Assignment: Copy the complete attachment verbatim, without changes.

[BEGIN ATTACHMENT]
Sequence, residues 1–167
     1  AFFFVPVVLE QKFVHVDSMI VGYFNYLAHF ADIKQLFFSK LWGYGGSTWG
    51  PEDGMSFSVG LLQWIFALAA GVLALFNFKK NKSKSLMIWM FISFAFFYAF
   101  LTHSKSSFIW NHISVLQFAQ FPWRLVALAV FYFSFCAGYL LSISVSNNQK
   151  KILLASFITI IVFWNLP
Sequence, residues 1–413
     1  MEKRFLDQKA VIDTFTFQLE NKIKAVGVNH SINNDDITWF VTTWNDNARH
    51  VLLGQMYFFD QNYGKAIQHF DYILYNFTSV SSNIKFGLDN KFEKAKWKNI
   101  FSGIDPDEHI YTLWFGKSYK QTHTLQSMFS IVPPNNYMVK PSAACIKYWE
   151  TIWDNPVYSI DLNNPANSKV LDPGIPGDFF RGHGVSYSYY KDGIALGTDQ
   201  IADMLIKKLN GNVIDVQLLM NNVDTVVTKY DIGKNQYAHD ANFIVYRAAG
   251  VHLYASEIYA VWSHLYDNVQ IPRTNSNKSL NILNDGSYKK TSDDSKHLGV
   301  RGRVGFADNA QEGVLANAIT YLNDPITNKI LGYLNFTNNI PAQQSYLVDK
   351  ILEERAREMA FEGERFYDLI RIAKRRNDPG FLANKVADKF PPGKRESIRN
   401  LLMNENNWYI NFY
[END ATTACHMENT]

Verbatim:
Sequence, residues 1–167
     1  AFFFVPVVLE QKFVHVDSMI VGYFNYLAHF ADIKQLFFSK LWGYGGSTWG
    51  PEDGMSFSVG LLQWIFALAA GVLALFNFKK NKSKSLMIWM FISFAFFYAF
   101  LTHSKSSFIW NHISVLQFAQ FPWRLVALAV FYFSFCAGYL LSISVSNNQK
   151  KILLASFITI IVFWNLP
Sequence, residues 1–413
     1  MEKRFLDQKA VIDTFTFQLE NKIKAVGVNH SINNDDITWF VTTWNDNARH
    51  VLLGQMYFFD QNYGKAIQHF DYILYNFTSV SSNIKFGLDN KFEKAKWKNI
   101  FSGIDPDEHI YTLWFGKSYK QTHTLQSMFS IVPPNNYMVK PSAACIKYWE
   151  TIWDNPVYSI DLNNPANSKV LDPGIPGDFF RGHGVSYSYY KDGIALGTDQ
   201  IADMLIKKLN GNVIDVQLLM NNVDTVVTKY DIGKNQYAHD ANFIVYRAAG
   251  VHLYASEIYA VWSHLYDNVQ IPRTNSNKSL NILNDGSYKK TSDDSKHLGV
   301  RGRVGFADNA QEGVLANAIT YLNDPITNKI LGYLNFTNNI PAQQSYLVDK
   351  ILEERAREMA FEGERFYDLI RIAKRRNDPG FLANKVADKF PPGKRESIRN
   401  LLMNENNWYI NFY